If you want to look at those bright stars thingies in the night sky you may not be able to see what your ancestors saw in the past.
Astronomers, using the Hubble Space Telescope, have measured and characterized an enormous, galaxy-sized cloud of dust and gas, Known as The Smith Cloud, swirling around the Milky Way.
How do astronomers estimate the mass of the Milky Way galaxy? It seems like a simple question, but it is not. Our galaxy consists of roughly 100 billion stars, stretching up to 200,000 light years from edge to edge, wide enough to makes it very difficult to measure.
Billion years ago, galaxies like our Milky Way underwent an era of prolific star formation, churning out stars at a frenzy rate, 30 times faster than they do today.
Our universe is pretty big and so are the secrets which it is wrapping around. One such interesting part of our big universe is Milky Way Galaxy. There are so many hidden secrets about it which you would certainly be surprised to hear.
According to Danish and Australian researchers who used an improved version of a 250-year old theory (The Titius-Bode law), there are billions of the stars in the Milky Way located in the “habitable zone”, where liquid water might exist, and with it, life as we know it.
With the help of the Dark Energy Survey, which includes mapping the southern sky, the astronomers from the University of Cambridge have identified nine dwarf galaxies orbiting the Milky Way making it the largest number ever discovered at once. The latest finding is the first discovery of dwarf galaxies in the last ten years, after dozens of them were found in 2005 and 2006 in the skies above the northern hemisphere.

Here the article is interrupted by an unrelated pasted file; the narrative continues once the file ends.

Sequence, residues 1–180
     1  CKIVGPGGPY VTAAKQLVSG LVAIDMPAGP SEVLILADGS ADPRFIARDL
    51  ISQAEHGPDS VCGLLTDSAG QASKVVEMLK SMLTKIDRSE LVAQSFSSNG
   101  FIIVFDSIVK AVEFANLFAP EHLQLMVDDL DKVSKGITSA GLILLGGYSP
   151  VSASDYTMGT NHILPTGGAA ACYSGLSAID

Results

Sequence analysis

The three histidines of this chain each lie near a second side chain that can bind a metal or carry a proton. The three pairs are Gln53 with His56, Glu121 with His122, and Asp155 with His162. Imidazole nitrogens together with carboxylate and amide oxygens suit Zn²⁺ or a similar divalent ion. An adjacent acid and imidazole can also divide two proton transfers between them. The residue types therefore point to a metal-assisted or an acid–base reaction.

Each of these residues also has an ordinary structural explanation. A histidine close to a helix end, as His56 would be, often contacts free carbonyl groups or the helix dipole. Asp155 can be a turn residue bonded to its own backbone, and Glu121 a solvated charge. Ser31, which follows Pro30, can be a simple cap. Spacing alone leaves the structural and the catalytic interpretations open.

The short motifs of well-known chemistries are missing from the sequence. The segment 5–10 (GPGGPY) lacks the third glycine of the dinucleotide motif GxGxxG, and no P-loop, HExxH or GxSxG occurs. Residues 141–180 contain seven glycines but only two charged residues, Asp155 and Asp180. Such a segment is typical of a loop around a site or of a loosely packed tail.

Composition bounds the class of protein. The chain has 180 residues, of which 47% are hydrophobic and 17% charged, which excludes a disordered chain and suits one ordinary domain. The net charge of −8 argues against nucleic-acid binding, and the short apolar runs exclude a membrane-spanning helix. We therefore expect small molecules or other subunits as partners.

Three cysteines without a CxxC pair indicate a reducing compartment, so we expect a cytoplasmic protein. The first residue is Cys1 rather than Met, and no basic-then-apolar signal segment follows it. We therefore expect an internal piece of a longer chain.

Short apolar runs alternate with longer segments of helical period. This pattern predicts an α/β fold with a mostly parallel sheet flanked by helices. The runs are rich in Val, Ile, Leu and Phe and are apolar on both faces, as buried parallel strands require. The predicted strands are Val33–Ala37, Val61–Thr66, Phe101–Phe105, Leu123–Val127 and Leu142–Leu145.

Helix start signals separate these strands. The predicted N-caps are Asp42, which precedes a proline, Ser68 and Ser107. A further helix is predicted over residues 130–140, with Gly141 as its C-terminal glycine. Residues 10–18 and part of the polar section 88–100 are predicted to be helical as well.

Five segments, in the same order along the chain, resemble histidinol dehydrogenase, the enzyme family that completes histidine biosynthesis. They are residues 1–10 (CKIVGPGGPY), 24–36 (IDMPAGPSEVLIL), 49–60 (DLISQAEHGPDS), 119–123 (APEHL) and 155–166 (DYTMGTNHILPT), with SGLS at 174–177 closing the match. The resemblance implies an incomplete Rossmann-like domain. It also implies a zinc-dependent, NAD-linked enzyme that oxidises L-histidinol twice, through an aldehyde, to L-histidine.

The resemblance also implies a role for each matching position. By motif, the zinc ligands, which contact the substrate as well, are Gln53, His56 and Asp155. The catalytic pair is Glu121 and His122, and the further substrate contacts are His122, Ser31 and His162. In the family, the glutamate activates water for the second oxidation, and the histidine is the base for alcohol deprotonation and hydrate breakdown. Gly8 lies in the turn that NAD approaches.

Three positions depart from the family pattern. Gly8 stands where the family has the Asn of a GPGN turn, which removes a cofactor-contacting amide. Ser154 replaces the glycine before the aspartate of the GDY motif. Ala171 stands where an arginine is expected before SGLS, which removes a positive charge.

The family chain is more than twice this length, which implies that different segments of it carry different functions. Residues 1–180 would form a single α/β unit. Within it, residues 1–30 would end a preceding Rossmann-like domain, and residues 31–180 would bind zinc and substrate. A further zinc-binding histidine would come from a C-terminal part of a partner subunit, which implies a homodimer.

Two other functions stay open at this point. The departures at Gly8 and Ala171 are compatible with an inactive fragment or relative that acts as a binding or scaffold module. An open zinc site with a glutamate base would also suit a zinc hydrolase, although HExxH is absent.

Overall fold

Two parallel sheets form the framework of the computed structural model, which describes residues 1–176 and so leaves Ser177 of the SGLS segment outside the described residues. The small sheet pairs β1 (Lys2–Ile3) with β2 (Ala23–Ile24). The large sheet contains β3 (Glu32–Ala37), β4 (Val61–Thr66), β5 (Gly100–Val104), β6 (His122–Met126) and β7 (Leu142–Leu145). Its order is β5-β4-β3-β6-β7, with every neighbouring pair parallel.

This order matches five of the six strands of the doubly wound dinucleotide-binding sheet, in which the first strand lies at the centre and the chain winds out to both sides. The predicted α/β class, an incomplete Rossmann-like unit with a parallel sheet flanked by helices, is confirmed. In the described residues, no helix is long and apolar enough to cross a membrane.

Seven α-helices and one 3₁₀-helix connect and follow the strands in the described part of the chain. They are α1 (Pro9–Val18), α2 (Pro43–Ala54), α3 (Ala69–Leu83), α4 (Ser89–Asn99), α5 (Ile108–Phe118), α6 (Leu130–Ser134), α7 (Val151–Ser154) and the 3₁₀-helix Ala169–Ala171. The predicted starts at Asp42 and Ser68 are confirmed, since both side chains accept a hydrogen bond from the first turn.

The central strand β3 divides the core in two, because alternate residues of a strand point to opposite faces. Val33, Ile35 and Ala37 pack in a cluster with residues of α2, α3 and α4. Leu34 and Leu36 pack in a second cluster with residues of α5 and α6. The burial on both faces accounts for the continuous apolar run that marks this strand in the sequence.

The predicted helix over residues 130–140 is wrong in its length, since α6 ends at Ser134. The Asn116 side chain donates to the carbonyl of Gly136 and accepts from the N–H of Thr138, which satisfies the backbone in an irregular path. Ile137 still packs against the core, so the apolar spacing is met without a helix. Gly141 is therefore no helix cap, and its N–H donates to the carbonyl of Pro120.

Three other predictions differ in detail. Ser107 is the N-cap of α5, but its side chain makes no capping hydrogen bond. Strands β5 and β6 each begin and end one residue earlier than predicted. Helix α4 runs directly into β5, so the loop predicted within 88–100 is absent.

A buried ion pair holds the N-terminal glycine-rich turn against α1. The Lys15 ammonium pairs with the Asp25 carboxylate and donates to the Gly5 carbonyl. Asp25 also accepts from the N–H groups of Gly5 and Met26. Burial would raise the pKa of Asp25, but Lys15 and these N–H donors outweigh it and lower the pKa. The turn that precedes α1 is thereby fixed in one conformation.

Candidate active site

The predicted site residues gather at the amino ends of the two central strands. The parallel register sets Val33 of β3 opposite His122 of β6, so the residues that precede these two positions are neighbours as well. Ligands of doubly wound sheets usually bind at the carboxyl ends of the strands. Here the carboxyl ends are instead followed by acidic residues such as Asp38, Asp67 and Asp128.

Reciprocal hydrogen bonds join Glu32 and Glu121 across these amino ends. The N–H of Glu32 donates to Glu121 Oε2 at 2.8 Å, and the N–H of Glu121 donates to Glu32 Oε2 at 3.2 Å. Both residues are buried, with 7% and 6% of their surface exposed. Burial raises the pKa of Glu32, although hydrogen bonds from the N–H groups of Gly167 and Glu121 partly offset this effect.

The Milky Way Galaxy is huge with our small solar system acting as just a grain of sand of the giant beach that is the galaxy. NASA previously estimated that the galaxy spans approximately 100,000 light years across. With each light year representing about 6 trillion miles, we are talking about an almost unimaginable distance.
Thanks to the technology advancements, we are able to unlock the secrets and mysteries of universe which keep on grabbing our attention every now and then. Recently, a multinational team of astronomers led by Dr Stephan Geier from the European Southern Observatory in Garching, Germany, has determined that a hypervelocity star known as US 708 is traveling at about 1,200 km per second.
An amazing new time-lapse video shows the Milky Way, dancing auroras and skies full of stars above stunning locations in areas free of light pollution.
The galaxy is many things. It is very large. It is very confusing. But, what if our galaxy was just one massive wormhole that we could use to travel from one end of the cosmos to another? That might sound like something from Christopher Nolan’s 2014 film, Interstellar, but physicists now think it’s also something that’s very possible.
To a distant observer, our own Milky Way and the Andromeda galaxy would probably look very similar. Although Andromeda is longer, more massive, and more luminous than the Milky Way, both galaxies are vast spirals composed of hundreds of millions of stars.